Section 13b of the Pilgrims’ Way national trail. 8.2 miles (13.2 kilometres). May, warm and sunny. With son and silly dog.
I am back in the beautiful old village of Charing in Kent. Not many villages can claim to have an eighth century historical site and an archbishop’s 13th century palace built on it but all is not well here. There has been a crime.
Some lousy toerag has stolen the pilgrims’ stamp from the nave of St. Peter and St. Paul’s church Charing. They have suggested we photograph it but to be honest vicar, I can’t put that in my passport although technically I could if I printed it very small and cut it out.
I think very briefly about cutting the photo of the stamp out of the photocopy and stealing it but decide this would be neither funny nor clever. I imagine the vicar is fed up enough already. Besides, I have no scissors.
The stamp notwithstanding, I am back on the PW with my lovely son and stupid dog and very soon we are back under the trees and the dappled light and shade of the North Downs Way. Above my head there are light aircraft from the nearby airfield; at eye level I’m watching a beautiful coppery red dragonfly and listening to the incessant drone of my son complaining about various aspects of his attire but mostly about the dog pulling. Perhaps I am destined to have no tranquility today, not even in this lushest of green swaddling blankets.
We did not have an early start, who needs one on a warm sunny Saturday when there’s no rush to be back, so as usual we find ourselves looking for a bench to eat packed lunch shortly after we have set off. We find one with a beautiful view of Kentish vineyards and after food the hangriness subsides and we start to all get along a little better.
To visit the next church we have to leave the tree tunnel and find ourselves on a very cool white chalk path which winds through the weetabix towards the church of St Mary Westwell, accompanied by the pleasing sound of skylarks burbling in the long grass. It is most delightful, and we smile a lot. I smile a lot more when I get inside the church. It has some excellent medieval graffiti, the most fun thing to look for and a hobby I strongly recommend.
I’m left wondering if Thomas Taylor and John Gruer were idle choirboys, what game were people playing while bored in church, and who the splendid caricature is, probably the vicar. Incidentally a Thomas Gruer died of plague in Westwell in 1582. His relatives waited several days before going in his house in case it was still plague-ridden, and in this providential gap thieves broke in and stole all his belongings. This graffiti may well have been done by his great great grandson, and I think we may also have found the ancestors of the Charing stamp thief.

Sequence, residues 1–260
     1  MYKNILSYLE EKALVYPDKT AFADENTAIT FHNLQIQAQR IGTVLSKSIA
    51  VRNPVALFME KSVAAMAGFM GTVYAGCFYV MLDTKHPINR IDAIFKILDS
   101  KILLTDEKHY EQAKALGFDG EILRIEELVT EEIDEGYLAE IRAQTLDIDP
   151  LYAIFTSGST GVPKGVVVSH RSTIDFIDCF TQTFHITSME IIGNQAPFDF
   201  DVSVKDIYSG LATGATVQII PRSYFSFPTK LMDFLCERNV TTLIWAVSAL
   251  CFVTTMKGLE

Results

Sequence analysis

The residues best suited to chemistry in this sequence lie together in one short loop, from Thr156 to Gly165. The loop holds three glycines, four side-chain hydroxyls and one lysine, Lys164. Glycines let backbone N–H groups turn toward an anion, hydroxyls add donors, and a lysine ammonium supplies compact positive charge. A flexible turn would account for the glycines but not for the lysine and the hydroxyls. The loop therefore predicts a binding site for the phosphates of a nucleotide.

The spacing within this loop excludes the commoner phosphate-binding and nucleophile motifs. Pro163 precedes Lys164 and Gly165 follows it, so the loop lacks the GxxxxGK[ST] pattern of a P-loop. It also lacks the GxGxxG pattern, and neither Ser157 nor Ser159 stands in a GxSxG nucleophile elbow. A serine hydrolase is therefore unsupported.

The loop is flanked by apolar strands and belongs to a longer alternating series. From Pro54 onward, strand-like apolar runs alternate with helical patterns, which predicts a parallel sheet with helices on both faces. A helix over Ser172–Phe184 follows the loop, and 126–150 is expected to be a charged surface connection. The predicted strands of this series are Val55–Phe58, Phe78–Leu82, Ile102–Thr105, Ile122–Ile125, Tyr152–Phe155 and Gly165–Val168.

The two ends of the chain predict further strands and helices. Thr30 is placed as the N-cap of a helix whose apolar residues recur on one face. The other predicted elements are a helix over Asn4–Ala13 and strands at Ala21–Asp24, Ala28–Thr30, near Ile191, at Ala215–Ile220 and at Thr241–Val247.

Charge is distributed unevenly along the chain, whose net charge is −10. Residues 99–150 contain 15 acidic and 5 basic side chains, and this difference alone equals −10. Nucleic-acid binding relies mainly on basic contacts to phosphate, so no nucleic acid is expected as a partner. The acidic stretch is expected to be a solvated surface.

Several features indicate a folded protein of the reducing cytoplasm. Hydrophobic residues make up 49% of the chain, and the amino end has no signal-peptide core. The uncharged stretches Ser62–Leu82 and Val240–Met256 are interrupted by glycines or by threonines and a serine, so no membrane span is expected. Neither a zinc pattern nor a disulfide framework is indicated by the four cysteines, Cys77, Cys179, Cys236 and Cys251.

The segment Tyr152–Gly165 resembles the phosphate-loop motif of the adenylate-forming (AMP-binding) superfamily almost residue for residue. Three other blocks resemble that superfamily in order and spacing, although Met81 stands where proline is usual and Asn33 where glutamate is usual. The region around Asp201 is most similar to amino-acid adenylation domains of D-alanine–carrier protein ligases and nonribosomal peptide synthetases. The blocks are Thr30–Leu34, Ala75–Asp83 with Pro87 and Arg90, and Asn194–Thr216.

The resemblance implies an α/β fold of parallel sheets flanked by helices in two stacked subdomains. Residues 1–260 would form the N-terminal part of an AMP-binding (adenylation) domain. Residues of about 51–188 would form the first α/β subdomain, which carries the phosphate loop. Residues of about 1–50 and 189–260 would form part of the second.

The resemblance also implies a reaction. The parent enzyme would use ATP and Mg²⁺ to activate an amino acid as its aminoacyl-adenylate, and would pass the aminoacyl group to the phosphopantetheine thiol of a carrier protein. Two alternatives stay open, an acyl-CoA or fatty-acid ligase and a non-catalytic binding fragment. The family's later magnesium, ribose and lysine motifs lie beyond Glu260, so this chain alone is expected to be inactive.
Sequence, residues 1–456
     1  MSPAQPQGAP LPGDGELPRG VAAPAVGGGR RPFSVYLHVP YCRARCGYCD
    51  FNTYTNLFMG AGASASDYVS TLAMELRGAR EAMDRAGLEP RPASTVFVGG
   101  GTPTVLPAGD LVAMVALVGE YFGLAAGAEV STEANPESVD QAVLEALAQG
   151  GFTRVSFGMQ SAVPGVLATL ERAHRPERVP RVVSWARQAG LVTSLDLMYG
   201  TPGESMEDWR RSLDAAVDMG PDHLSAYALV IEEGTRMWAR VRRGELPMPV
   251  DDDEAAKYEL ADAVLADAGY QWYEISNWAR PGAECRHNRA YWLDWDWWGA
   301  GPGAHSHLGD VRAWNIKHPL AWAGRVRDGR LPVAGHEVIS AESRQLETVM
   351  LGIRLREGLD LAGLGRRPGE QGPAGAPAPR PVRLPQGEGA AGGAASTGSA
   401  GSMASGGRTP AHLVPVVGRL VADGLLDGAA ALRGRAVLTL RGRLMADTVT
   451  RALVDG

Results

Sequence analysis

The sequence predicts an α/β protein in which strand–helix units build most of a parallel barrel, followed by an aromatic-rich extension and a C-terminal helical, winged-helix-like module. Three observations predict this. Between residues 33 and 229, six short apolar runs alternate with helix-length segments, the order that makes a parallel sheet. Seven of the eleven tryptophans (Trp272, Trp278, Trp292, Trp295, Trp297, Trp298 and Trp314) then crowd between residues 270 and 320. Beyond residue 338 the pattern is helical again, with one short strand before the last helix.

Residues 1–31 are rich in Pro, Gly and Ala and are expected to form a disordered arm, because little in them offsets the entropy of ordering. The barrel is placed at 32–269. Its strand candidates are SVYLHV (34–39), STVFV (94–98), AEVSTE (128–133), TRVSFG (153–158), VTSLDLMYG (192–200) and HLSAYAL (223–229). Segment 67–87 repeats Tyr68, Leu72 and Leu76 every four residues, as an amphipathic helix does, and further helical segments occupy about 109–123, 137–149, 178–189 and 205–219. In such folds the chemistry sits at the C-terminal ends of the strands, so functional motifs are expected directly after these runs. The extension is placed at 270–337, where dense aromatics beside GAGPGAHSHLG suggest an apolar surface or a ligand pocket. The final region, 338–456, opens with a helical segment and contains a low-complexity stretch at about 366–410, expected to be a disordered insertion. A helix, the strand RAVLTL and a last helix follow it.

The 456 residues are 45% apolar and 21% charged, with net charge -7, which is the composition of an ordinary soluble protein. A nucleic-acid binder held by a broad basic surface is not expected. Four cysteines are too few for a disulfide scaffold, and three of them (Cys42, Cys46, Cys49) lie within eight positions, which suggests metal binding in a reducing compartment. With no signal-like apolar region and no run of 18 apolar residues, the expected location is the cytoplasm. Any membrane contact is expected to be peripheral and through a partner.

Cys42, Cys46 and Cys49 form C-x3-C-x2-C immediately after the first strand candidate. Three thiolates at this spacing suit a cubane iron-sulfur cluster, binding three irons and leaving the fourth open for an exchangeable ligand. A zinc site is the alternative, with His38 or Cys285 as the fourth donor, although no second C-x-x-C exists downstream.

At Westwell village there is one of the most floriferous hawthorns I’ve ever come across, this year has been a great one for hawthorn although I don’t know what it presages. You can barely see any leaves and the smell wafts gentle sweet vanilla along the road. Snow has settled on this patch of Kent which even the sun can’t melt. As if to counterpoint it, a red admiral comes by to investigate, but I’m too busy gawking at it and trying to chase it to get the picture of it landing on the snow. Before too long we are back on the PW path.
Again we leave the shade of the trees and cross the carefully managed estate of Eastwell, where there are signs trying to deflect you from the path. Clearly the spa hotel would rather not have walkers tramping through their grounds but access is access so they have no choice and we stick to our route. There’s an interesting juxtaposition between the wellness spa with its expensive organic treatments and the gallons of chemicals with warning symbols we watch the farmer pouring into his enormo-sprayer on the land surrounding it. In the days when lovely son was tiny I would sometimes go to Ironmonger Row spa on cheap days. The room I liked best had no fancy sweat, steam and shiver treatments, but it was quiet and had beds and blankets. I would essentially pay £26 to go to sleep. All parents of young children will know what excellent value for money this represents.
All about us the crops are growing up, as young ones do, and I remember a similar walk with lovely son and Monseigneur Doggle last July on the PW, through fields of golden wheat and I am transported back to the start of the pilgrimage. As much as these fields paint the English countryside in green and gold it is the rough and wild ones I like best, with their promise of hares and glow worms. I love a glow worm.
Near Perry Court farm we have an important decision to make. We can carry on for another 7 miles, or we can cross the field to the farm and tea shop with its wide selection of cakes and freshly picked strawberries and get the train home. I don’t know how you go about making these kind of momentous decisions, but I have a general rule which serves me well: I pretend that I really want to carry on, and then blame the dog. You know what, he really does look like he’s getting tired, and he has such a big fur coat on. Maybe it’s best if we go find somewhere to stop so he can have water. Oh look, a tea shop, now that is convenient.
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More walks on the Pilgrims’ Way
I use The Pilgrims Way by Leigh Hatts as a guidebook, it’s pretty much essential for this walk. You can buy it here or from good independent bookshops.
I also use a GPX file imported from British Pilgrimage Trust into the Ordnance Survey app. It is available from their website and occasionally differs from the book.
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